thatlinuxguy.wordpress: Linux is an Open-Source Operating System (OS). It was first created by Finnish grad student Linus Torvalds in 1991. He started it as a project for school, modeled after Minix, which was a UNIX-based OS. Even Before Linus Torvalds created the Linux kernel, Richard Stallman had began the GNU project.

Break from PCLinuxOS to Test Mandriva 2008

Filed under
MDV

pclinuxos2007.blogspot: We had PCLinuxOS 2007 final sometime in May 2007. It’s almost an year and the developers say PCLinuxOS 2008 will come out before Christmas of this year, i.e., still 6-7 months to go! This uncertain delay has led many desktop users to try suitable alternatives.

OpenSUSE Hard Disk Configuration Survey

Filed under
Hardware
SUSE

opensuse.org: In order to optimize the YaST partitioner module for openSUSE users the user experience team decided to conduct a small survey to figure out how you deal with hard disk configuration. The survey contains some basic questions and its results will directly influence the redesign for the partitioner module.

Big Money and Open Source May Not Compute

Filed under
OSS

internetnews.com: Open source has the adherents and the contributors, but what about the income? Patience, says the developers.

this morning's howtos:

Filed under
HowTos
  • How to Check MD5 Hash?

  • convert uif files to iso files in linux
  • Usage Of The Linux Left Bracket /usr/bin/[ Command
  • Bring back deleted files with lsof
  • How to Display Routing Table
  • debian etch + determine default runlevel
  • HowTo: Install YouTube Video Download in Fedora
  • "Cooking" a DVD with Cinelerra and DVDStyler
  • HOWTO Make Ubuntu Look Like Windows Vista

today's leftovers

Filed under
News
  • How Not To Use KDE 4’s New Desktop

  • Installing Ubuntu Hardy Heron From Hard Disk
  • Mounting Linux Partitions in Ubuntu
  • How do I set default password expiration for new accounts?
  • Fix for Video Playback Problem in Compiz-Fusion
  • Linux cutting software costs in Kenya
  • Selling open-source "ice" to the eskimos
  • Pondering the Reiser Fallout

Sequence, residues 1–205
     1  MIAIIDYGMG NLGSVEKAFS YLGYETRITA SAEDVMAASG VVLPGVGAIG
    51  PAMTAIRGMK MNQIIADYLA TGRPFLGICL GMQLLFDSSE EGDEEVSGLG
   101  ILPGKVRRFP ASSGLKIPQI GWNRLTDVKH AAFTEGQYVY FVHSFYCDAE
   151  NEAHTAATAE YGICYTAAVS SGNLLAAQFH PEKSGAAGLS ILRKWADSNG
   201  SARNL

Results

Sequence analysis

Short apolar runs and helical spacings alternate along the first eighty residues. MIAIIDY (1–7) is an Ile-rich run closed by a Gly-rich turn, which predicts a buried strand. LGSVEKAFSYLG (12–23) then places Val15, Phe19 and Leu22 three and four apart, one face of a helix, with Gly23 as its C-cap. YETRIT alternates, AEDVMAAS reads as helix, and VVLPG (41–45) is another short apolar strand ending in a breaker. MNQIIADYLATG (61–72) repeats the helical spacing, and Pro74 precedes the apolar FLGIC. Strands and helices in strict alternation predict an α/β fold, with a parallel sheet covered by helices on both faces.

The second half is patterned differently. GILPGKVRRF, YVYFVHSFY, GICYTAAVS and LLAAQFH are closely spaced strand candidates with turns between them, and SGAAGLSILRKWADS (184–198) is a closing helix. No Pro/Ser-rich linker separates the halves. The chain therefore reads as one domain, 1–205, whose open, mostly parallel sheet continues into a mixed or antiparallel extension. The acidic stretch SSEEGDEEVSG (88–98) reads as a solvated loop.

• Dell, OLPC Affordable Laptop Bout Only Hurts Users
  • TurnYourWorldAround's Connect-a-Kid and the OLPC
  • RS480/RS690 OSS Compiz Achieved
  • Irish Open Source Technology Conference 2008
  • As the SCO rolls
  • Tim Bray provides a bridge between Sun and developers
  • A Perl Script to Backup given files to an FTP location in Linux
  • Hardy caveats
  • I Like Ubuntu, But…..
  • PIC Microcontrollers and Linux

other ubuntu stuff

Filed under
Ubuntu
  • Ubuntu Hardy Heron, A Webmaster’s Point of View

  • Ubuntu update manager slows computer to a crawl
  • How to Install Firewall in Ubuntu Linux
  • Ubuntu at work
  • Being on Ubuntu exclusively

more OpenSolaris stuff

Filed under
OS
  • OpenSolaris 2008.5 Screenshots

  • New Open Source Solaris Pits Sun Against Linux
  • OpenSolaris: What Ubuntu wants to be when it grows up
  • OpenSolaris opens for business
  • Open Source Embrace Gives Sun New Fans

CoreAVC for Linux project coming back to Google

Filed under
Linux

blogs.zdnet.com: The project provides patches enabling open source media players to use CoreAVC software under Linux. The DMCA removal request and the project reinstatement was been sent to Google.

Upgrading to Mythdora 5.0

Filed under
Linux

ericsbinaryworld.com: Today I decided to upgrade my Mythdora to the latest verison, 5.0. I downloaded the CD media and booted into the install. I had to do a text install to be able to watch it on my TV. Then I just needed to yum install the kmod-nvidia drivers.

Ubuntu 8.04 is Well Worth the Look

Filed under
Ubuntu

techgage.com: The latest Ubuntu release came out just two weeks ago, but that's old news by now. I have never been much of an Ubuntu fan, and the fact is, I disliked it... a lot. I still stand by the fact that I believe the distro was severely over hyped with the earlier versions, but the latest launch, "Hardy Heron" changes my thoughts quite a bit.